The kids called it "Boo's Warehouse," after the building's manager, 61-year-old Michael "Boo" Booher. And for months on end, neighbors say, Boo hosted raves that packed 'em in by the hundreds.
It was quite the scene, but like all scenes without the proper permits, it was destined to come to an end. Two weeks ago, the Phoenix fire marshal caught wind of a rave called "Bloodfest 3." When the party went off, even after the Fire Department's warnings, they shut it down.
And what the fire marshal found at the scene was scary enough to give even the most laid-back parent a coronary.
We're talking eerie special effects, with cobwebs and skulls adorning the walls. We're talking hundreds of kids, many distinctly underage fire officials estimate more like 14 and 15 years old than 17 ready to party the night away. Most frightening of all: The party was set to happen in an old building with only one exit and those flammable cobwebs just about everywhere.
Fire-prevention specialist Brian Scholl was there. He realized almost immediately just how dangerous the warehouse was.
"I've been doing this six years," Scholl says. "And this is the worst thing that I've run into. The place is just not safe. You've got only one exit and these scary little stairways. I was afraid to walk on them, and that was with just two people ahead of me."
Take a panicky crowd during a fire, Scholl adds, and those "scary little stairways" suddenly become much, much worse.
But while the Fire Department's shutdown that night is hardly shocking, plenty about the bust at Boo's Warehouse is.
For one thing, while the Phoenix Police Department accompanied fire officials to the scene, the cops issued zero citations and arrested nobody. In fact, a police spokesman says, they didn't even write up an incident report despite all those underage kids. (The kids, according to the chat rooms at www.azedm.com, ended up partying in the desert.)
This is much different than busting a homeowner for throwing one loud party. There's a reason that the fire marshal takes this stuff so seriously: It would take only one cigarette to spark a tragedy like that at the 2003 Great White concert in Rhode Island a fire, a panic, and 100 people dead.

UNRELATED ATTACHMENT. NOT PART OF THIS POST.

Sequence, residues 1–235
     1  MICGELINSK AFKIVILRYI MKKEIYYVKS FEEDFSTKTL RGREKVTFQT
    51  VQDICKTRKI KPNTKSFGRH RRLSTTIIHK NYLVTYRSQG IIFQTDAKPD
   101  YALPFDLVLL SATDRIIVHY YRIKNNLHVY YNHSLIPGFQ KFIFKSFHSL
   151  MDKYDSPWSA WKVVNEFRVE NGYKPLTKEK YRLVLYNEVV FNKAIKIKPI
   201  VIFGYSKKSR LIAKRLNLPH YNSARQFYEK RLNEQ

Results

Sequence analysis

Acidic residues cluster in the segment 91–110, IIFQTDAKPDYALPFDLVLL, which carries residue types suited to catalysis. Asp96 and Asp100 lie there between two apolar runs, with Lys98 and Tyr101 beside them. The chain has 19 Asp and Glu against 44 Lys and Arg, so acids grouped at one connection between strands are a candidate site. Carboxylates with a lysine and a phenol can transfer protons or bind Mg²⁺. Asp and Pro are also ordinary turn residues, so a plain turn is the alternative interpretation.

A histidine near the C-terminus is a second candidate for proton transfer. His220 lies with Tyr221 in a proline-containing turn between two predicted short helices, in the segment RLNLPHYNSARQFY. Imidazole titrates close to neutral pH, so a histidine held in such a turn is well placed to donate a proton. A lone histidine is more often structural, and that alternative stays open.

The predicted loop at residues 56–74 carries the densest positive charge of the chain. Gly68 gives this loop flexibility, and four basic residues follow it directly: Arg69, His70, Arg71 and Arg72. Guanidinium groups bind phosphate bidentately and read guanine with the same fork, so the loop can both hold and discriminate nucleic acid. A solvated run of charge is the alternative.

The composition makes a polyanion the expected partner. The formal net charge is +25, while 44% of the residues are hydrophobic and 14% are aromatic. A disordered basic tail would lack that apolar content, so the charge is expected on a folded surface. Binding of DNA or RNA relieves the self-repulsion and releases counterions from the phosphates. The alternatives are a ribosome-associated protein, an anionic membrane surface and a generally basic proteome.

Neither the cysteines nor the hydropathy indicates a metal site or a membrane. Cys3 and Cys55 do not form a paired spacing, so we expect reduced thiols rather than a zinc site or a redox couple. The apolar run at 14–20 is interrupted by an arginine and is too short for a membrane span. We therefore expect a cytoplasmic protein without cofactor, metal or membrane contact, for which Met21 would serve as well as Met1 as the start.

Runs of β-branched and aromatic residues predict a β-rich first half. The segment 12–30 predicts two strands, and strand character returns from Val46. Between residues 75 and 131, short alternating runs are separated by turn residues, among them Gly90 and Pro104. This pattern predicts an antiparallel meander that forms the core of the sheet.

Yet neighbors allege that underage raves were a fixture at the warehouse. Helen Hestenes owns the Icehouse just across the street and has hosted some raves, too, although hers are strictly legal. Hestenes says that she and her staff have witnessed no fewer than 24 unlicensed parties at Boo's site in the past year.
And here's the funny part. Hestenes isn't the warehouse's only neighbor. Next door is the Maricopa County Sheriff's Office.
Seriously. The warehouse is at Jackson Street and Fourth Avenue. The Fourth Avenue Jail, where deputies process arrestees at all hours of the day and night, sits directly across the street.
But there's no record indicating that anyone in the Sheriff's Office did a thing to question why there were hundreds of underage kids next door, sporting angel wings and sucking lollipops. (Not surprisingly, Captain Paul Chagolla, the sheriff's spokesman, didn't get back to me with a comment.) Instead, it took Hestenes to get the city's attention and she's now facing retribution because the rave kids aren't exactly thrilled about their party being busted. The sheriff's deputies apparently chose to look the other way.
And that might be very funny. After all, despite the obvious danger, no one's died.
But there's one big problem.
Boo, the nice old dude who let the kids party at the warehouse, is a convicted child molester.
In 1998, Michael L. Booher was charged with molesting a 7-year-old girl in Pima County. Court records indicate he coerced the victim, who happened to be his girlfriend's daughter, into urinating on his genitals. The clincher for Tucson detectives: Booher's girlfriend, horrified to learn about what had happened, said that particular act was something he'd asked her to do, too. Booher pleaded guilty, served four years in prison, and was released in 2006. He's now a registered sex offender.
When I finally managed to reach Booher just hours before press time on Tuesday, he acknowledged his criminal record but insisted there had never been an incident since he began allowing raves at the warehouses. "I haven't done anything and I haven't thought of doing anything," he says.